He starts out as an educated easterner, complete with plaid suit and top hat, moving out west because his parents died and his girlfriend left him.  He is lost even before he enters the wilderness and looks like an overweight ten year old would bully him around.  His trade is accounting, probably the most civilized and out of place occupation in the west at that time.  Blake is also extremely passive throughout the entire film, a characteristic that would never be seen in a western character.  This is seen in an almost comic light because at first he kills people with a surprised, confused look on his face. Blake’s initial embodiment of civilization makes for great irony later on because the bounty hunters tracking him are being paid by the steel mill and yet are the embodiment of the frontier.

 Although he eventually becomes quite good at killing people, he can not provide food or navigation for himself and must rely to a large extent on his Indian admirer: “Nobody”.  Nobody was kidnapped and taken to England where he studied poetry. As a result he was given the name “he who talks loud, says nothing” but prefers to be called Nobody. Blake does not in fact have a destination and is lead around by Nobody the entire film.  Blake is shot in the chest after being denied a job and meeting a woman who is spoken for. We first meet Nobody as Blake wakes up to find the obese Native American digging in his chest to get the bullet out. Nobody regards Blake as a dead man from this point on and moves to abandon the “stupid fucking white man” until he comes to the conclusion that William Blake is the spirit of the great poet William Blake. An ardent admirer of the poet, Nobody resolves to take the spirit to the place where “the sea meets the sky” so his spirit can return to the afterlife. Nobody also greatly admires Blake’s natural prowess with regard to killing white men.

As Blake progresses further into the wilderness, civilization is gradually stripped from him and it is his motives that remain distinct from the western hero.  In short, he has no motives or desires past food and survival, and the latter is debatable.  In fact the only expression of need is a complaint of hunger when Nobody eats all the peyote and leaves Blake hungry.  Even his reasons for killing people seem ambiguous at times.  He completely turns his back on civilization by killing marshals and anyone trying to collect the reward on his head. He also embraces nature to an extent that it seems as though all memory of the civilized east is lost.

            The roles of the Native Americans are very distinct from their traditional roles in that they are more than one dimensional characters.  The Indian in genre westerns is generally hostile though is also infrequently regarded as a child of nature.  In the film, Nobody is given depth of character and Blake himself picks up some customs from his admirer.  Nobody dresses Blake’s wounds and takes him to a village which is adorned with totem poles and other cultural items.  This village contrasts with the town of Machine as it is clean and well kept, not a soot covered mud pit. The Native American culture is given a central role in this film whereas in genre westerns are never given more than a cursory glance.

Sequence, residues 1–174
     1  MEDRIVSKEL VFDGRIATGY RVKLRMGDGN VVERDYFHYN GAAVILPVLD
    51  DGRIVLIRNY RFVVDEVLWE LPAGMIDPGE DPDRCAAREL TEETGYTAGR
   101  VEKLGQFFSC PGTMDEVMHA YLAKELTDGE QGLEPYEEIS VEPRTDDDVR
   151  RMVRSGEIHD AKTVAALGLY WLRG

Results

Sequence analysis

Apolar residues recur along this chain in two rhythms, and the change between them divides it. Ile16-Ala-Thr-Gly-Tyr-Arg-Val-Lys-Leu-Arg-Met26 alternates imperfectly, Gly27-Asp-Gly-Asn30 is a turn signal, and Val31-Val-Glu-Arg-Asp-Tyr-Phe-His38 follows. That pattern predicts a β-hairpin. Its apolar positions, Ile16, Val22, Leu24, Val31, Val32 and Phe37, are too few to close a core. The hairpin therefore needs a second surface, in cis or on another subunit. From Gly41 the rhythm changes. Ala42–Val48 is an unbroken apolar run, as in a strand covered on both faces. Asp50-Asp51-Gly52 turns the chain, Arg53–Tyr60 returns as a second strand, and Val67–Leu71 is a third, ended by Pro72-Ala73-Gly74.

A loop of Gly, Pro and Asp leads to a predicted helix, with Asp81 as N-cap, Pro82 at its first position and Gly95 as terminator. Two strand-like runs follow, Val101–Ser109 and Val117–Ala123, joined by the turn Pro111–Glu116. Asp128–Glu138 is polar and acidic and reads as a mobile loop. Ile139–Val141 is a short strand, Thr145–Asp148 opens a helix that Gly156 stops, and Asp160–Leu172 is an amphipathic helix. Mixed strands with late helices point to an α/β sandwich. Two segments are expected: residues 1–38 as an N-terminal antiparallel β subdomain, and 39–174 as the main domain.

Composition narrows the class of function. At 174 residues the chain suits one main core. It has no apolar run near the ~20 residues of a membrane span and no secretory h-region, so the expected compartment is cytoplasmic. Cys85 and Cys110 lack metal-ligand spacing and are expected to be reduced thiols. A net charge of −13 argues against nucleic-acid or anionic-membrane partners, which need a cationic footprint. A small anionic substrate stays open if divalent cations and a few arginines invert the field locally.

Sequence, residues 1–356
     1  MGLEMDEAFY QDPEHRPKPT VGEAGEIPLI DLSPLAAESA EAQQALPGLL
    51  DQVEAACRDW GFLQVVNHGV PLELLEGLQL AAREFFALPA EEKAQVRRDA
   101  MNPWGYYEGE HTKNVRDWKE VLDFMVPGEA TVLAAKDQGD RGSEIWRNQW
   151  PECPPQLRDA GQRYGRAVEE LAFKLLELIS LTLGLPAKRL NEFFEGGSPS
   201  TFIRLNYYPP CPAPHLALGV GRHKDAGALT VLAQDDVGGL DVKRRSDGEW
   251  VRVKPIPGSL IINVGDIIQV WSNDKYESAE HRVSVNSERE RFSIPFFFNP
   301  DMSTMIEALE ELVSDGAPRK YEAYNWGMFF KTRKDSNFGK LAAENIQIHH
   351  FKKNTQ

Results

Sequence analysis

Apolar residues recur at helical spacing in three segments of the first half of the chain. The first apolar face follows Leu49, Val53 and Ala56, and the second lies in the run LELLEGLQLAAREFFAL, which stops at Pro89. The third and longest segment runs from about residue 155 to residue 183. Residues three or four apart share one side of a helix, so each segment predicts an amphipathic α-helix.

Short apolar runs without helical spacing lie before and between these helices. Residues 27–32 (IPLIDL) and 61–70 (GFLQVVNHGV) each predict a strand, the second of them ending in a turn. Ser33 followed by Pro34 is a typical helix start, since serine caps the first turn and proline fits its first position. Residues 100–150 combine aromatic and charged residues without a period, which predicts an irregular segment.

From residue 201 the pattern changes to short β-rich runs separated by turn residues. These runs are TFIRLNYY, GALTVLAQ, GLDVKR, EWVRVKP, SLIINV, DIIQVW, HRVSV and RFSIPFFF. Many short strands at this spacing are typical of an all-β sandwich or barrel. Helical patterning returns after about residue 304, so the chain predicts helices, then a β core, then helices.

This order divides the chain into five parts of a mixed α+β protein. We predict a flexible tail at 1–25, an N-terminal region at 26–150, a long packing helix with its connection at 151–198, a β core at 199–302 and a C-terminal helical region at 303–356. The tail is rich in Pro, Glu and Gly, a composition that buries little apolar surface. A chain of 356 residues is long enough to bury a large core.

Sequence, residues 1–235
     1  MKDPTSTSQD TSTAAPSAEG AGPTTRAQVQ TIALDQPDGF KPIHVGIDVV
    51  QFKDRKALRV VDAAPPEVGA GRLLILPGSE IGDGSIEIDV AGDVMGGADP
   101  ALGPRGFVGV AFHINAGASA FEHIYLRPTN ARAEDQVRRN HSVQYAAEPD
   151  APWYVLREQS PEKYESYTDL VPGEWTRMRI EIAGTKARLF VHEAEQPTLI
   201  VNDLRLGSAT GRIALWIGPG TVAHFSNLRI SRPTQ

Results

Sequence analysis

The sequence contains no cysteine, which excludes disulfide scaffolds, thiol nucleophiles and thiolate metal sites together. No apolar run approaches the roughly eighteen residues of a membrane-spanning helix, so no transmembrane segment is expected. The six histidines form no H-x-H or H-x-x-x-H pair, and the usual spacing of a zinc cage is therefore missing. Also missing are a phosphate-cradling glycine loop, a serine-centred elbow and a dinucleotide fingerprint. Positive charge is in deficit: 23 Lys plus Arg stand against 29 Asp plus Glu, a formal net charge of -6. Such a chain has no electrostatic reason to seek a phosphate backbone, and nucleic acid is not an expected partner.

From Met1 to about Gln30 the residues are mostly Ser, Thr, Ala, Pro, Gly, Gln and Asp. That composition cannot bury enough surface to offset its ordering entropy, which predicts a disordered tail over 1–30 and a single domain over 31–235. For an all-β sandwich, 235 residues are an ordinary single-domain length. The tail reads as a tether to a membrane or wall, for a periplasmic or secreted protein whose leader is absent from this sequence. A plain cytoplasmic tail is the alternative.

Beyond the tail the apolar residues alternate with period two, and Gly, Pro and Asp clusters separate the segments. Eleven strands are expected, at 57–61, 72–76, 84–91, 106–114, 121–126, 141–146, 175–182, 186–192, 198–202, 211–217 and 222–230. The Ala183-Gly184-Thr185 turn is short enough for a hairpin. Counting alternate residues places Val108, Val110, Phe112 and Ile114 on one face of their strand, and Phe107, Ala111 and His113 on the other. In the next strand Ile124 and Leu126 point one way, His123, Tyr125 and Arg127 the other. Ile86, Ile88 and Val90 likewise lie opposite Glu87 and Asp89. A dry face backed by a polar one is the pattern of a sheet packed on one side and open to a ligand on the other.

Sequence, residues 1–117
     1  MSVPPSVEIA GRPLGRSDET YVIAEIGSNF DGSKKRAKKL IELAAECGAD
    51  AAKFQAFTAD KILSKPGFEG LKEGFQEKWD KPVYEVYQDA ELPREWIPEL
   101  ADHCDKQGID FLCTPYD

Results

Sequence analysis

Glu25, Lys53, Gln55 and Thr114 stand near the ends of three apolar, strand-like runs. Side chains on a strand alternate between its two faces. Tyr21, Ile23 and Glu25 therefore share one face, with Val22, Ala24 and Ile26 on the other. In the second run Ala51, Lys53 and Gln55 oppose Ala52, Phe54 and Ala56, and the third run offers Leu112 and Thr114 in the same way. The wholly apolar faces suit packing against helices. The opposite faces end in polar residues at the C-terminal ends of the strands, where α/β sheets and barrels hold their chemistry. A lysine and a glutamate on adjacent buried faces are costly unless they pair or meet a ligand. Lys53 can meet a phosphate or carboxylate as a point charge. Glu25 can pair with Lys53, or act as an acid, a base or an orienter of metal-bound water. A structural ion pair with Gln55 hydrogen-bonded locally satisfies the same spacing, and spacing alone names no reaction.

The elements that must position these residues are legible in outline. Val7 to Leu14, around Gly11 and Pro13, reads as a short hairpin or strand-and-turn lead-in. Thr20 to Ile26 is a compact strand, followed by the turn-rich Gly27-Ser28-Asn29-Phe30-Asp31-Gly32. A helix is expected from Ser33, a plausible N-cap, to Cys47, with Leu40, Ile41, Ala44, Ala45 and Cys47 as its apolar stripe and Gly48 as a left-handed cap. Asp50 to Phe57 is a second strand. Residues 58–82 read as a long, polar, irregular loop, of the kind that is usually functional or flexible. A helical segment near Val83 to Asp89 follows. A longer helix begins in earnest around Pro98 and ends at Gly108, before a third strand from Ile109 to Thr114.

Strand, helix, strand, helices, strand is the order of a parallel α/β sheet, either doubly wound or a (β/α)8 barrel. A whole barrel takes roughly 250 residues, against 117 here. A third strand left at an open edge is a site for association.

The greatest similarity between Dead Man and the classic western is with respect to the villains.  They are representatives of the large smelly smokestacks we see when Blake first comes into town.  Mr. Dickinson, the owner of the steel mill, hires the “finest killers of men and injuns” to go after Blake for killing his son, but seems much more concerned with recovering his horse than avenging his son’s death.  The hunters; a boy, a loudmouth, and a cannibal set off and are soon shown to be much more evil than expected (except for the loudmouth, who is just stupid).  The director makes a point of showing gruesome acts by the hunters and other people on the trail, particularly the Cole the cannibal, to create the image of what a frontiersman is like in this version of the west. This can also be seen as a contrast to one of the classic depictions of Native Americans as savage cannibals.

            The film ends with the death of all the main characters which seems proper as we can’t imagine an epilogue. Blake is going on to the spirit world and Nobody and the remaining bounty hunter kill each other simultaneously.

            The director commented that westerns were a “Fantasy world that America has used to process its own history” and tries here to convey a sense of fairness if not realism. Looking at the film as an accurate version of a western is not correct because although we have to suspend reality, Dead Man does not magically capture what the west at that time was like.  Jarmusch instead creates almost the polar opposite of the genre western to show a radically different point of view. That view is certainly more modern and gruesome but not more or less accurate than the western films that preceded it.